Every week I have a Graze box delivered to my door. (It should be delivered through my door, but obviously, in line with everything else that doesn’t work properly in our house, the letterbox doesn’t let the letterbox-size box through…but it means I know who my postman is.) It’s like an exciting little surprise present of yumminess adding a frisson of joy to a Monday.
Obviously though, because it costs me £3.89 a week, Husband disapproves. Yep, he has an issue with £3.89. This is the man who took himself to Brazil. Who will happily spend £100 on a t-shirt as long as it used to cost £160. But I’m wasting money spending it on healthy snacks.
Naturally I nod my head – yes, it’s disproportionately costly compared with buying bags of nuts and seeds from the supermarket – but I still disagree with him.
For one thing eating my less-than-£1-a-snack snacks is cheaper and healthier than the bars of Green & Blacks chocolate I’d otherwise be eating. I’d be spending money, but I’m also saving money. (Which is an argument you’d think he’d understand as it’s surely the same justification he uses for his obscenely expensive t-shirts. When it comes to berries it’s not the same though, however. Whatevs. He’s a hypocrite. Therefore I win.)
My other argument is that supermarket dried fruit and nuts are only value for money if you actually eat them. As evidenced by the full tin in the kitchen of healthy snacks bought by Husband and then abandoned.
Although, possibly even more wasteful is the amount of fresh fruit that Husband buys that then sits and rots in the kitchen. And thus my argument for the delivery of my Graze boxes is brought to you through the medium of the Independence Day Mango.
Not that we mark Independence Day with the ritual purchase of a mango. But it was on 4th July that it appeared on the kitchen counter, emblazoned with a yellow discount sticker. Husband is a sucker for a discount sticker in the way some men can’t not grab a woman in a short tight dress. Ah, yes, in his mind he’s saving money. Even if it’s an item that we’ve never wanted or needed.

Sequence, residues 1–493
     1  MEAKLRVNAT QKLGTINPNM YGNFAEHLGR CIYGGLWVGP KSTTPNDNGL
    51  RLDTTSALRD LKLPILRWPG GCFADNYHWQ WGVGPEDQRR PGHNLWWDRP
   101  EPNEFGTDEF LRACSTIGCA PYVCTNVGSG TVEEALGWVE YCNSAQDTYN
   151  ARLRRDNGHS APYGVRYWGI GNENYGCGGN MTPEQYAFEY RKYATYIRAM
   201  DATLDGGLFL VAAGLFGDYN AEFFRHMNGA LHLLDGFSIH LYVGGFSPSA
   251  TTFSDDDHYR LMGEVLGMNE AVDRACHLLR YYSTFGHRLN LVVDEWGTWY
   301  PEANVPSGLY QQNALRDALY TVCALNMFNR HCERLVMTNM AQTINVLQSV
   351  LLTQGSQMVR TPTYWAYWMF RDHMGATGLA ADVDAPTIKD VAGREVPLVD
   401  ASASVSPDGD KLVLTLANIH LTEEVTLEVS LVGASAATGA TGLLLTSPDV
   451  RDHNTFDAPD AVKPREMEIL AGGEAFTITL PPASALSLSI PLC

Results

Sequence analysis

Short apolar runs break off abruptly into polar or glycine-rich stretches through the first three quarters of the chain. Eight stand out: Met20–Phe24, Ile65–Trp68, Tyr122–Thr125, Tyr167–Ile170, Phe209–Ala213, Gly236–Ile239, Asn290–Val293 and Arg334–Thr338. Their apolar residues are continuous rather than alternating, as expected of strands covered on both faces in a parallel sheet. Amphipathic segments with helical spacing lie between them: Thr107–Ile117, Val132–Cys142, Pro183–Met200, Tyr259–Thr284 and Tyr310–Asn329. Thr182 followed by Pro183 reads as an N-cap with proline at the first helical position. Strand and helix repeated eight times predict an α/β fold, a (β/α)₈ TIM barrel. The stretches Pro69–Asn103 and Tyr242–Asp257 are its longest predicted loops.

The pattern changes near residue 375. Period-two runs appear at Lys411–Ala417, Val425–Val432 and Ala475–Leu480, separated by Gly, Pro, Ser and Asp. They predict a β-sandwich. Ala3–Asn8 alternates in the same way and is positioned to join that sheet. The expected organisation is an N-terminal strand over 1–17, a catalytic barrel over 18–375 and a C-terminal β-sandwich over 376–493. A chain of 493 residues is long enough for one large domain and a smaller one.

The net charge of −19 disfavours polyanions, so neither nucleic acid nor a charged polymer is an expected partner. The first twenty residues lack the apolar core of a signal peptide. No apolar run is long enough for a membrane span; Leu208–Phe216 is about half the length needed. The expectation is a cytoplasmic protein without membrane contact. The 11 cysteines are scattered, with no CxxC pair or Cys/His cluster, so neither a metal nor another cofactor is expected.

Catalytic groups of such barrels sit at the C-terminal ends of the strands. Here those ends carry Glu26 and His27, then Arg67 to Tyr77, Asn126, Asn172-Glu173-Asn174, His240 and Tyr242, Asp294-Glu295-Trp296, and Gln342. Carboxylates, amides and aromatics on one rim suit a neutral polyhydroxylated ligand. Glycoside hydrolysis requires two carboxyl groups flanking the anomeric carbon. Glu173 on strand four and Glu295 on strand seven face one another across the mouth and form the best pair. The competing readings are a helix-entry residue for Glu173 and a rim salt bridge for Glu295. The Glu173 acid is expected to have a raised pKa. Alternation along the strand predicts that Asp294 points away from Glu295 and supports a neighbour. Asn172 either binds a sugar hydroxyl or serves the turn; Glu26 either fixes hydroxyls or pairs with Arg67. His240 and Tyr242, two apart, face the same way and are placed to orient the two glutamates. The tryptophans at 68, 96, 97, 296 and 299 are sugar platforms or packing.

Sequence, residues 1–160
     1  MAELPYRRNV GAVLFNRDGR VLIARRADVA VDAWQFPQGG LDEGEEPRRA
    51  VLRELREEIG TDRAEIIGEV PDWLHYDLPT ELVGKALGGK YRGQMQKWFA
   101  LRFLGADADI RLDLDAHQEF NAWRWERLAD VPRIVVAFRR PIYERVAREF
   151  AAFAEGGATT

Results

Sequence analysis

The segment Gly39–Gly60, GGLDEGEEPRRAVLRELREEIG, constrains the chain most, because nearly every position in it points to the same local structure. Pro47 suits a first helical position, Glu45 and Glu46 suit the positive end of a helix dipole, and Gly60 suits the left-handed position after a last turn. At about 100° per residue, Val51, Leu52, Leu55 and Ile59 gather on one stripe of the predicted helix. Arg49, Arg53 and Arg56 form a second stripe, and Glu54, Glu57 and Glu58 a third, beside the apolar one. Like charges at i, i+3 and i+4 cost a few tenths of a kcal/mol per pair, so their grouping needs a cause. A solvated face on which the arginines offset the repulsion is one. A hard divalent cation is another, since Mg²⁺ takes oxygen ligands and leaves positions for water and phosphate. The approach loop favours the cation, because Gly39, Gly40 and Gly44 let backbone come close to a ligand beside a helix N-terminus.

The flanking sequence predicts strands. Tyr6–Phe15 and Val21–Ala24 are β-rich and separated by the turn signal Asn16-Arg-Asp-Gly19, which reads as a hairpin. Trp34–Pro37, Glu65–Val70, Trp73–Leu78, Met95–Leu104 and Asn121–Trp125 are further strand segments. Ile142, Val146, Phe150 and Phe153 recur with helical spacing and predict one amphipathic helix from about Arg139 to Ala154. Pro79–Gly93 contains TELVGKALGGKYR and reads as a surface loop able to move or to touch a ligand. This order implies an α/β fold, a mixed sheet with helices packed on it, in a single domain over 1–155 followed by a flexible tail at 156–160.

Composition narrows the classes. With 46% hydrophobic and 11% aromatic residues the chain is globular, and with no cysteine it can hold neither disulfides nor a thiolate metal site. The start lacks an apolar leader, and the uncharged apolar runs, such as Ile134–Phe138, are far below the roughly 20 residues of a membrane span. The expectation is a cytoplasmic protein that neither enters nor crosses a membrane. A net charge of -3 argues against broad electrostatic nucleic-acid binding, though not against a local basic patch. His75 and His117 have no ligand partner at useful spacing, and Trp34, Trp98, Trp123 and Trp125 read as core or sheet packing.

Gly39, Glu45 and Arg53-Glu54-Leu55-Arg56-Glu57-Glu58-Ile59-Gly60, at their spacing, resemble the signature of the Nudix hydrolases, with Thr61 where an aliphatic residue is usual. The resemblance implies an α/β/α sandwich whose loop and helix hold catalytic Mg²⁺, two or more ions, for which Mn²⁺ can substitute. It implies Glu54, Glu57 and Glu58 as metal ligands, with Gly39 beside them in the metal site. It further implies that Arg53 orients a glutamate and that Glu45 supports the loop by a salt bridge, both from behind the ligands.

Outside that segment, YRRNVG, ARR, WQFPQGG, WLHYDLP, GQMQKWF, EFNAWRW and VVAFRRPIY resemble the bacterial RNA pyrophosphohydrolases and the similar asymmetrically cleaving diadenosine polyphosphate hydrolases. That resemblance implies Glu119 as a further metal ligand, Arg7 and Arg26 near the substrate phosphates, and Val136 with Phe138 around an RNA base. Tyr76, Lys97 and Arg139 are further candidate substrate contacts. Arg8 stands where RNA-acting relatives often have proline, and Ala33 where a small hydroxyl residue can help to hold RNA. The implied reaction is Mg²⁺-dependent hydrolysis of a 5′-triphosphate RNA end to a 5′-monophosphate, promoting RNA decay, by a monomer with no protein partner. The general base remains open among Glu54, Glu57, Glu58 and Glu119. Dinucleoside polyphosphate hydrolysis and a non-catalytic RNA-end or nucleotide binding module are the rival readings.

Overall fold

I knew as soon as I saw it that the mango would NOT be eaten. I just wanted to see how long it would become my kitchen companion for. The coconut Husband purchased hung around for so long I was almost bereft when it finally moved on to the council compost heap.
The Independence Day Mango is now past his Best Before date. I commiserate with a glass of wine.
I watch the tennis before we enjoy a barbecue. Mango is not part of the barbecue menu. Instead he gets friendly with the beetroot.
Often on a Monday I’ll cook a Thai-spiced chicken, mango and cashew nut salad. But the mango is looking a bit overripe yet it seems harsh to buy a new one whilst the old one is in residence. So I eat the beetroot in a salad with goats cheese instead.
The mango looks in serious need of a cellulite treatment. I’d throw it out, but I want Husband to be the one to do it, so I leave it on the side, moving it onto a chopping board lest it should start to leak. Eew.
Me: What exactly’s going on with the mango? Are you going to eat it or what? I definitely think it’s past its best.
Husband: Hmmm. You may be right.
Yet still the mango sits on the side.
I get home from work. Husband has been on strike – or it must be a blue moon – as he’s cooked. When I go into the kitchen I notice an absence. Where’s the mango? Surely Husband’s not eaten it? No. It’s IN THE BIN. Awww.
But worry not, Independence Day Mango. If I can use your existence as a demonstration to Husband on the reality of wasteage – you may have only cost 35p, but it was 35p that got thrown in the BIN – and why my Graze boxes aren’t an unjustifiable expense then your week-long presence in my kitchen has been worth it. Independence Day Mango, I thank you.